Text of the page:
concept where one day per week is set apart for “the 

cleansing of the defiled mind,” resulting in inner joy.

Whether you are religious, spiritual, or atheist it 

doesn’t matter — all can benefit from the principle 

behind this practice.

Automobiles and machines in general do not 

function at their optimal levels unless they are 

regularly tuned up. Our body, mind, heart, and spirit 

follows the same principle. It has been proven many 

times over that constantly pushing yourself only 

leads to burnout, breakdown and eventual disease. 

The ever-increasing pace of our modern society is 

only making this deterioration pass by quicker. The 

solution is to give ourselves regular “tune-ups” by 

making the habit of setting aside our own personal 

day of rest. A Sabbath day if you will.

So what exactly do you do on a day of rest? Do you 

just loaf around all day or sleep the day through? 

Well, maybe if that’s what you need. But perhaps 

you’ll have a better idea of what you might decide to 

do if I share with you some of the activities that are 

part of my weekly “tune-up.”

Here are some of the things I like to do on my day 

of rest:

Reflect on the week gone by.

Plan for the upcoming week.

Review prior goals and set new ones.

Read in the “wisdom literature” of the past.

Visit relatives

Enjoy “quiet time” in nature by myself or with my 

family.

Meditate or pray

Take a nap (however, since doing Polyphasic 

sleeping**this has become a regular activity)

All in all, your day or rest should be a day to leave 

the week behind you. To stop working or even 

thinking about work. It should be a different day 

from all the rest. One that you look forward to with 

excitement and expectation. It’s a day to stop 

looking to the outside world for distraction or 

entertainment. It’s a day to be quiet, to sit back and 

reflect on all the gifts and blessings of your life and 

the things which you take for granted. It’s a day for 

nature and beauty and spirituality; a day for family, 

friends and God.

A day of rest doesn’t affect us only when we are 

resting. It spills over into our weeks, our months, 

and our entire lives. Even the most difficult of weeks 

becomes tolerable because you know that this day is 

just over the horizon.

If you make the habit of doing this regularly, I 

promise that it will improve your health, strengthen 

your relationships, sharpen your mind and revive 

your spirit. That’s a lot to promise, I know. But that 

is the power of your day of rest.

(Polyphasic Sleep**Today marks the first day in 

my experiment to become a polyphasic sleeper. 

For those who are not familiar with it, 

‘polyphasic sleep’ refers to several alternative 

sleep patterns which are intended to reduce 

sleep time to 2-6 hours daily.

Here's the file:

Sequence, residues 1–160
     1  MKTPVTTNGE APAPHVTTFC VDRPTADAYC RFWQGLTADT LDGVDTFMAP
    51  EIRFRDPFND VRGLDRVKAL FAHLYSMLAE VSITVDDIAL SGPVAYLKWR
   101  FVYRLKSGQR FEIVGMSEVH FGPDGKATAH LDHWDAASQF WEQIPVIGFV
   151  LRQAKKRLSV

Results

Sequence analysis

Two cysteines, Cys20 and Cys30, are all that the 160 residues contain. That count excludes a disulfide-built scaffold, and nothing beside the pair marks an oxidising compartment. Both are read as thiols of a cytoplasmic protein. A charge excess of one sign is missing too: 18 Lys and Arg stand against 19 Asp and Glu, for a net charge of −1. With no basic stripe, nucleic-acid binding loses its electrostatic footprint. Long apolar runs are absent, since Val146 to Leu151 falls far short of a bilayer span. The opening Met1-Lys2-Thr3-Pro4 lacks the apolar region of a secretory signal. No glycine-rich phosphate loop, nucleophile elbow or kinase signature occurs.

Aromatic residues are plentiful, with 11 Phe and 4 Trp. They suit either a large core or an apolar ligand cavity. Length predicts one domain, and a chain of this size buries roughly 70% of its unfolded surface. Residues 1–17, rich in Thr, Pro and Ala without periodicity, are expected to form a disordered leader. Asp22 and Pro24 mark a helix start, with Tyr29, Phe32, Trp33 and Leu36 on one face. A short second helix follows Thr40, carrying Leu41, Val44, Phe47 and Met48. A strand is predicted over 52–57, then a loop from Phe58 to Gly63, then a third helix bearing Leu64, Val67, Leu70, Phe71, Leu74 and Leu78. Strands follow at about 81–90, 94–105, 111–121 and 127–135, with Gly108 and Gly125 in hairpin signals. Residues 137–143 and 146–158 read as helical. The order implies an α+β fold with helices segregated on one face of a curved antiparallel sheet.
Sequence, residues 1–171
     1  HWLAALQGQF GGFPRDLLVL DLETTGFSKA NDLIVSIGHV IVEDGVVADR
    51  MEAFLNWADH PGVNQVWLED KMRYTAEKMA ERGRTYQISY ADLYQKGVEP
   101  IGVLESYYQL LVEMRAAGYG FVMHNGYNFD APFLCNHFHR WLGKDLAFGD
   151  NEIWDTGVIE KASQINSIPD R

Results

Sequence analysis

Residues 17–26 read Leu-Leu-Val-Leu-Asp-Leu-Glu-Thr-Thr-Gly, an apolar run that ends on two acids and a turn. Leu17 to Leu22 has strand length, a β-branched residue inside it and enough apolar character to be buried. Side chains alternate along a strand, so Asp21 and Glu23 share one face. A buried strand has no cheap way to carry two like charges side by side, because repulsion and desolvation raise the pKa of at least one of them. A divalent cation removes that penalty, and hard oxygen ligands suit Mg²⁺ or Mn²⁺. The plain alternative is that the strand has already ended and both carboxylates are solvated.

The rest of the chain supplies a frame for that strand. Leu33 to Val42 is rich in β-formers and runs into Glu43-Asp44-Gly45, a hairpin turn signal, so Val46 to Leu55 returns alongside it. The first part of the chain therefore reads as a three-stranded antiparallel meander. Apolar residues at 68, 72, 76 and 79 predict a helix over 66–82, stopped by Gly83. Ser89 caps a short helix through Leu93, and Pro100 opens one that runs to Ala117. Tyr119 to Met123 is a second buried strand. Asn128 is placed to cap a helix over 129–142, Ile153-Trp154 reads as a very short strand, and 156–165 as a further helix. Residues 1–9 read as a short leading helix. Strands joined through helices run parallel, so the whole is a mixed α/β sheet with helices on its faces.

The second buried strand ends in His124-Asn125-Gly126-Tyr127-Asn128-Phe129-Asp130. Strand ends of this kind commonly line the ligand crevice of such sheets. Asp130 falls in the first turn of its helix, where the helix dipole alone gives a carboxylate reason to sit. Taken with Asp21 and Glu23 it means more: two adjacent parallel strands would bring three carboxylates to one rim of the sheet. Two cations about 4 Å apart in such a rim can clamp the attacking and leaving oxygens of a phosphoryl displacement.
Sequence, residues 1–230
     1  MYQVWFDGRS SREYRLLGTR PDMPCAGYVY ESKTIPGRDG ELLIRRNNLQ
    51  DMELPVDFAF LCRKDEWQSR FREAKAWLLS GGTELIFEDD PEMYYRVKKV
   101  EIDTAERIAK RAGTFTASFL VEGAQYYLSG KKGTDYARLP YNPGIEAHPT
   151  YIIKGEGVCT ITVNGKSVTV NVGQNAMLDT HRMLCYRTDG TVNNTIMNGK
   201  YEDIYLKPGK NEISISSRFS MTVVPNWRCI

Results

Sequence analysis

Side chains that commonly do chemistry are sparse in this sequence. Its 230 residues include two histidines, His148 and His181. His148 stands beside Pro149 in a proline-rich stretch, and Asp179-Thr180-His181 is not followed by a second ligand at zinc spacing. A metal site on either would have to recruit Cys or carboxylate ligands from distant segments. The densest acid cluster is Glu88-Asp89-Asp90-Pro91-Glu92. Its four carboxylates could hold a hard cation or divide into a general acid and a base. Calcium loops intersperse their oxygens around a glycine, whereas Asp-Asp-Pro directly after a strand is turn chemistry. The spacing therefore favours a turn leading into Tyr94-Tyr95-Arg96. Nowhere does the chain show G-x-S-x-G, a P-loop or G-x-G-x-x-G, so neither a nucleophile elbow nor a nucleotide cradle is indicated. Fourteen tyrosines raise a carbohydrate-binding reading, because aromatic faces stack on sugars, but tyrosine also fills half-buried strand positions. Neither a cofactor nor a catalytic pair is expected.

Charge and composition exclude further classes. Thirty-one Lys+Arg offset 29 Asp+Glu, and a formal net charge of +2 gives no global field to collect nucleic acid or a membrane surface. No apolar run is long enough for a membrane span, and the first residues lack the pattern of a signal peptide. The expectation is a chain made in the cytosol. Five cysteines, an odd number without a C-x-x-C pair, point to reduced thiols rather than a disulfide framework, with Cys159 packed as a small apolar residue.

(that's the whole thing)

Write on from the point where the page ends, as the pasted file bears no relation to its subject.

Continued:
The practitioner achieves this by spreading out sleep 

into short naps of around 15-45 minutes throughout 

the day, with some variations allowing a core sleep 

period of a few hours at night.

I originally heard about this while I was in 

Washington D.C. 4 years ago. My co-worker and I 

were talking about how busy we were and I remember 

telling him how great it would be if we didn’t need 

to sleep.

To my surprise he said that it is indeed possible and 

then went on to tell me about his roommate who, 

while at the University of Michigan, “took small naps 

throughout the day,” only sleeping around 2 hours in 

total. He called it the Da Vinci sleep schedule. His 

roommate had so much extra time that he was able 

to finish three Bachelor degrees and one Associates 

in a four-year period!

Quite intrigued, I began doing some research into 

‘Da Vinci sleep’ and found some great information 

on what many refer to as the ‘Uberman’ sleep 

schedule on Kuro5hin’s and everything2′s website .

The basic idea behind it is that you can force your 

body to compress the necessary sleep stages (REM 

being the most important they say) into a 20-min 

sleep unit. By spreading six of these concentrated 

sleep units throughout the day, you can supposedly 

experience better and more effective sleep than on 

a typical 8-hour schedule that most people try to 

follow.

With a little information under my belt, I quickly 

tried to adapt to Uberman sleep back then but 

soon realized that my work schedule just didn’t 

allow it. I wasn’t able to consistently take the 

required naps — a huge no-no if you want to be 

successful with this.

Since then, I’ve gotten married, had a child, and 

although I’m working at a different job, my 

schedule with my family and work is even less 

flexible. However, last week I found a variant on 

the ‘Uberman’ sleep schedule (what some refer to 

as the ‘Everyman’ sleep schedule) where you take 

four (instead of six) naps throughout the day and 

supplement them with a 3-hour core sleep period 

at night.

Not only is this doable with my work schedule (I’ll 

only need to nap once during lunch), but my wife